Aleksey Kadochnikov’s systema includes hostile environment survival, hand to hand combat, shooting and other military topics. This style is known for its unique teaching method that leverages on theoretical biomechanics knowledge to give its students the information needed to create their own techniques rather than adhering to a rehearsed rigid list of attacks and defences.
The term “Systema” (The system) was initially used by this group in the description of their method yet is now used to describe multiple modern Russian Martial Arts emerging from Russia. It can be safely said that the work of Aleksey Kadochnikov was influential towards the creation of many other modern Russian Martial Arts.
General Alexander Retuinskih
Among the most recognized of these arts is the ROSS (Rossiyskaya Otechestvennaya Sistema Samozashchity) system created by General Alexander Retuinskih.
Expert in both Judo and SAMBO, Retuinskih went on to apply the biomechanical basics from the Kadochnikov School to both military and sport martial arts styles and include SAMBO, Judo, Boxing and bayonet fighting. Kadochnikov and ROSS styles spread at first through some military units and Police officer clubs.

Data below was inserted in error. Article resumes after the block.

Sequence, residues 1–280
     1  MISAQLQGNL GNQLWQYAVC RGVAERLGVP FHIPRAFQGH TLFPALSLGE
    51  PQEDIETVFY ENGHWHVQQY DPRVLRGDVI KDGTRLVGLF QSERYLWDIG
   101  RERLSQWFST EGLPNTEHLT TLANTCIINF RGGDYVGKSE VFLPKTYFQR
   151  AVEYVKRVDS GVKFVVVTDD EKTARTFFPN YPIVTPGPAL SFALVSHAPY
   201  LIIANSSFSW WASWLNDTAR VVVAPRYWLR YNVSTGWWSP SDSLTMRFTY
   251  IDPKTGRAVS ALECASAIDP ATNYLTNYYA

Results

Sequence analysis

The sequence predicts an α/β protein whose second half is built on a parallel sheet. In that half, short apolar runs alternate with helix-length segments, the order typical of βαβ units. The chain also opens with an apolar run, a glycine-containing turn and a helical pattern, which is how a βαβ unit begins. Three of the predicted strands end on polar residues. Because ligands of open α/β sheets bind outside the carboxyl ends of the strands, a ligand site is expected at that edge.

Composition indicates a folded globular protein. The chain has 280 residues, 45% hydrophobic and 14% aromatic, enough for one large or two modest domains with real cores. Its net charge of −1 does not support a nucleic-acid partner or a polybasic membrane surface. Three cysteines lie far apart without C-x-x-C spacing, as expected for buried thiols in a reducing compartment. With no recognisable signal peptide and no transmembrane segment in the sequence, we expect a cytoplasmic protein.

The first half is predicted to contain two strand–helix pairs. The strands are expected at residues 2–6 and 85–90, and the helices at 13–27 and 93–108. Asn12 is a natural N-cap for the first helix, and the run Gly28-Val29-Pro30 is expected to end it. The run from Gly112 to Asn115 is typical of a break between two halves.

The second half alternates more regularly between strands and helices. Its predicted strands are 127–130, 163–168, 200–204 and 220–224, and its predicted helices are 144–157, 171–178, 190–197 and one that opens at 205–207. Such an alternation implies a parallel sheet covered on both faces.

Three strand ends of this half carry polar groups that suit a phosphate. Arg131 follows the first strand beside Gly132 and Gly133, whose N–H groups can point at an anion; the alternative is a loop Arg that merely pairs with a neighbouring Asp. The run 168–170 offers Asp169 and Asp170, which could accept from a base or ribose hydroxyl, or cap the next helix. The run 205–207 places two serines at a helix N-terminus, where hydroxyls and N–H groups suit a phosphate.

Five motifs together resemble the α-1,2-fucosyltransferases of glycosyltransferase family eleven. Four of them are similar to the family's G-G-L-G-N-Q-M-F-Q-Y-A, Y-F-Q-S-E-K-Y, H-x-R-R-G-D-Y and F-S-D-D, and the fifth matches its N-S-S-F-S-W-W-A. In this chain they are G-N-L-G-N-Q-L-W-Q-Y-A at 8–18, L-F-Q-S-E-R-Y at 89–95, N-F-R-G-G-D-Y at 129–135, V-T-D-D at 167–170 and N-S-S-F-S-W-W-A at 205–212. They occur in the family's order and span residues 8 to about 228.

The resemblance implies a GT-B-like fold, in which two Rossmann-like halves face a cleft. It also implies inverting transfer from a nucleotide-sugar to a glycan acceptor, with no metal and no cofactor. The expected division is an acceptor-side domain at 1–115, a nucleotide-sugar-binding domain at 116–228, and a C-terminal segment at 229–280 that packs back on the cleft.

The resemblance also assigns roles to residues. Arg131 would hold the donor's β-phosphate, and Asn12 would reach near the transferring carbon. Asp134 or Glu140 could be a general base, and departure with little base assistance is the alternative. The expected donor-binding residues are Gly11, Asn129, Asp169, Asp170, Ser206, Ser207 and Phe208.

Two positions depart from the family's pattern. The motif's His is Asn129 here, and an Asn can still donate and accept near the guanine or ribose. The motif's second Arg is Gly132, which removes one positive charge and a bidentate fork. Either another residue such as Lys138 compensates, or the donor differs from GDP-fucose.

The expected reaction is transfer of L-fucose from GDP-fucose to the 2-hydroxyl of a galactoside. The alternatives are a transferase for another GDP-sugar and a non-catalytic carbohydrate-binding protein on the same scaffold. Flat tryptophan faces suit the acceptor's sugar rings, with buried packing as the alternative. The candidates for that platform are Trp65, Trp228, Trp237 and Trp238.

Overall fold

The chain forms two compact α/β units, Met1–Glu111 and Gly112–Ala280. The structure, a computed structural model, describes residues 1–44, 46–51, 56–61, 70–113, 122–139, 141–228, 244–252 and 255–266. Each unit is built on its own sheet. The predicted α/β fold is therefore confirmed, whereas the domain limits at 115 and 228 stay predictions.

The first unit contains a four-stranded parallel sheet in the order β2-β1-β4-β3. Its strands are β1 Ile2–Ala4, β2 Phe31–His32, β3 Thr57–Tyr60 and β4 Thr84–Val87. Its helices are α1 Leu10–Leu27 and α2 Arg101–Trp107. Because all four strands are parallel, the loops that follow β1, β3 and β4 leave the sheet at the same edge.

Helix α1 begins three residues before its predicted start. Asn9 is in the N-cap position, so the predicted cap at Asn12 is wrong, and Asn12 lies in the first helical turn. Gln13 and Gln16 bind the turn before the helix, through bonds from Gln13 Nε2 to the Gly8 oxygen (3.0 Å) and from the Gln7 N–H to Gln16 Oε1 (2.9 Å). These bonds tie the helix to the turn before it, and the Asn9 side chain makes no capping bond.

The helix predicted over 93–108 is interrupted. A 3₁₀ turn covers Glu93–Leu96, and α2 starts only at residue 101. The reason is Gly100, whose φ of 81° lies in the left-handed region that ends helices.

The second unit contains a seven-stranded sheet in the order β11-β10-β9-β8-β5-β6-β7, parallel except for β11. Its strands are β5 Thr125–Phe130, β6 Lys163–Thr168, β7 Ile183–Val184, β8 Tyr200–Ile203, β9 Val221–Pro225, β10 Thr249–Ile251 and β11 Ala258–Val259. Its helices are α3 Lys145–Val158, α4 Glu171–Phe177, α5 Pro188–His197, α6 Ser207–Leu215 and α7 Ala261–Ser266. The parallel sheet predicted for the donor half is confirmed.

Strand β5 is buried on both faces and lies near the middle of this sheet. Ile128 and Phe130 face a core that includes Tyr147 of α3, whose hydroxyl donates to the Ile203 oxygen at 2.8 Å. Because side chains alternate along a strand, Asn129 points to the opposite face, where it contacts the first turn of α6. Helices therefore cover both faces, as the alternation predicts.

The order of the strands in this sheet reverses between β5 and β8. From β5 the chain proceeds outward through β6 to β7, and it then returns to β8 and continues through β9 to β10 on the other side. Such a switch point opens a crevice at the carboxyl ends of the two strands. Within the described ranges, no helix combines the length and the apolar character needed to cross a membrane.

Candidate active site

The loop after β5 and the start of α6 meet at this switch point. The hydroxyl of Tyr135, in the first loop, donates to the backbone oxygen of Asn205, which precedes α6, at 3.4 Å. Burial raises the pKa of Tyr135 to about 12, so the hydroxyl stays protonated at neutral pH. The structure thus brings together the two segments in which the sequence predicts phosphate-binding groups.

Post-Soviet Era (1991)
When the Soviet regime collapsed, Systema then became available to the general Russian population
Many other martial artists proceeded to create their own systems based on their exposure to the ROSS, Kadochnikov and Ryabko schools. These include the Siberski Viun (Siberian Bindweed School) and IZVOR group who promote full contact training methods along with the notion found in other modern Russian Martial Arts.
Systema arrives in North America
In the 90’s modern Russian Martial Arts schools came to North America: Kadochnikov Systema via Matt Powell, ROSS via Scott Sonnon and what is now known as Systema Vasiliev, founded by Vladimir Vasiliev, a Former Russian soldier who immigrated to Toronto Canada.
A number of sources of both the ROSS and Systema Kadochnikova schools allege that Vladimir Vasiliev initially learnt Russian Martial Arts from a school in Tver that combined karate and Kadochnikov Systema and also attended a number of ROSS seminars. On moving to Toronto Vladimir Vasiliev founded what is now known as the Systema HQ and taught a military based Systema that was often brutal and which was influenced by his training in the Kadochnikov and ROSS styles.